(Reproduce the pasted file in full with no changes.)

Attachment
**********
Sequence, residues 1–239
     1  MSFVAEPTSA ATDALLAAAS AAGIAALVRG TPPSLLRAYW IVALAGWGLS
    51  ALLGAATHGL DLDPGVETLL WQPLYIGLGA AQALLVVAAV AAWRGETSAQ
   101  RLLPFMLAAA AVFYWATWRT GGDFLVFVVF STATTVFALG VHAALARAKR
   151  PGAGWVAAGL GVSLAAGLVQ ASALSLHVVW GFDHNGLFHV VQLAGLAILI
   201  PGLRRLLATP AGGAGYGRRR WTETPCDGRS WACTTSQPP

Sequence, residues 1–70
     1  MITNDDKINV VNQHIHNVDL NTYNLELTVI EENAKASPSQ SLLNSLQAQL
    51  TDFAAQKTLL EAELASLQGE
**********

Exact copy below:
Sequence, residues 1–239
     1  MSFVAEPTSA ATDALLAAAS AAGIAALVRG TPPSLLRAYW IVALAGWGLS
    51  ALLGAATHGL DLDPGVETLL WQPLYIGLGA AQALLVVAAV AAWRGETSAQ
   101  RLLPFMLAAA AVFYWATWRT GGDFLVFVVF STATTVFALG VHAALARAKR
   151  PGAGWVAAGL GVSLAAGLVQ ASALSLHVVW GFDHNGLFHV VQLAGLAILI
   201  PGLRRLLATP AGGAGYGRRR WTETPCDGRS WACTTSQPP

Sequence, residues 1–70
     1  MITNDDKINV VNQHIHNVDL NTYNLELTVI EENAKASPSQ SLLNSLQAQL
    51  TDFAAQKTLL EAELASLQGE